“Producing a horse from 60cm to 3* is very satisfying,” Tilly said. “It certainly wasn’t easy, but it was worth it. Even training Cosmo to do the dressage movements and master the technicality and height of the jumping was rewarding. At one stage I was considering selling him but he’s too good to let go!”

Tilly has discovered another talent in riding track work for Gai Waterhouse and Adrian Bott. Credit – Ashlea Brennan

In September last year, Tilly welcomed a new Thoroughbred into her stable – All Too Royal, a seven-year-old All Too Hard gelding previously trained by Ciaron Maher and David Eustace.

“I went up to Vinery Stud for a test ride and he was absolutely wonderful,” Tilly said. “He was stunning to look at, he had a great brain and understood the questions I was asking him. He hadn’t been touched in two months, but I was able to get straight on and ride him with other horses running around in the next paddock and he didn’t bat an eyelid.”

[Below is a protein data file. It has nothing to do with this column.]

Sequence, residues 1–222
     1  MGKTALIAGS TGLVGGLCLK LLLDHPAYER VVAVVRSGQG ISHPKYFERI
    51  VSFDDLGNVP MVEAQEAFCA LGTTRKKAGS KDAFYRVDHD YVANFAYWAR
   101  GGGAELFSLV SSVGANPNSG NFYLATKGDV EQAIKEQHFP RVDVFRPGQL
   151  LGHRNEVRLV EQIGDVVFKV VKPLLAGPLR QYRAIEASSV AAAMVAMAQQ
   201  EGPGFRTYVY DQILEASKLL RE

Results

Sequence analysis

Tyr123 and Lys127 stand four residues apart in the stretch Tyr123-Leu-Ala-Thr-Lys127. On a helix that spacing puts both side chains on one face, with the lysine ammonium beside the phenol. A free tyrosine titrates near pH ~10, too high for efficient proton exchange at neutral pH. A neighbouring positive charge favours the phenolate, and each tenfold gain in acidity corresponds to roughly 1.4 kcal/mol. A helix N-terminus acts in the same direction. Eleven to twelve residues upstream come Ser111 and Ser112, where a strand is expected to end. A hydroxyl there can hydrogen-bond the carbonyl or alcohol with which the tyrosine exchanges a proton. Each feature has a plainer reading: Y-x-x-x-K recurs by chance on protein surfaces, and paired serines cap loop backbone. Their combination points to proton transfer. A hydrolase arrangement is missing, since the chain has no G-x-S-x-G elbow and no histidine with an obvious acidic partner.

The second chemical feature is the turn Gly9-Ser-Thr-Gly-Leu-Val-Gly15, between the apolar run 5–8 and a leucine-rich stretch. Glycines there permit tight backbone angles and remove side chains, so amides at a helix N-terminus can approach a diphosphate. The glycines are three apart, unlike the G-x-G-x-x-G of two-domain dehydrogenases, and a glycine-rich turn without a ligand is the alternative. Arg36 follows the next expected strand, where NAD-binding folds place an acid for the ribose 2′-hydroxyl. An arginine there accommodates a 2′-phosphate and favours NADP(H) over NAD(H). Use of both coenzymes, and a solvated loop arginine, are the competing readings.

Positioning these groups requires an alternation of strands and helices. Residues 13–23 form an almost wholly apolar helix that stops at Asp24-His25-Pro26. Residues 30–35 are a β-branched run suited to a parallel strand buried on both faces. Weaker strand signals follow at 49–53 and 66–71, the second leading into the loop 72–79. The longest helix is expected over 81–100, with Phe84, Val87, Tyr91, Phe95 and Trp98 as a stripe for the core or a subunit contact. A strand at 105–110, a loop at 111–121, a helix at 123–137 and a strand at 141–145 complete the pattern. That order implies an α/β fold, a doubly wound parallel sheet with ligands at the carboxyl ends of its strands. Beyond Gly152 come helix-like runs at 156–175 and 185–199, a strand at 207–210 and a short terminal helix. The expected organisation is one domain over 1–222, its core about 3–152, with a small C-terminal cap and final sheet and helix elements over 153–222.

She has begun producing “Roy” as an eventer and plans to compete him up to 1* before selling him to an appropriate home.

“He went to Tamworth Horse Trials recently and placed 5th in the 60cm class,” Tilly said. “I bumped him up to 80cm at Qurindi and we came 4th. You feel a great sense of accomplishment when you get a horse going so lovely. I’m proud of Roy and myself.

“Thoroughbreds really are so versatile and can do anything. They have been exposed to a lot in their racing career – crowds, photographers, noise, travelling, waiting. It sets them up well for life after racing and to see them succeeding in a new career makes me so happy.”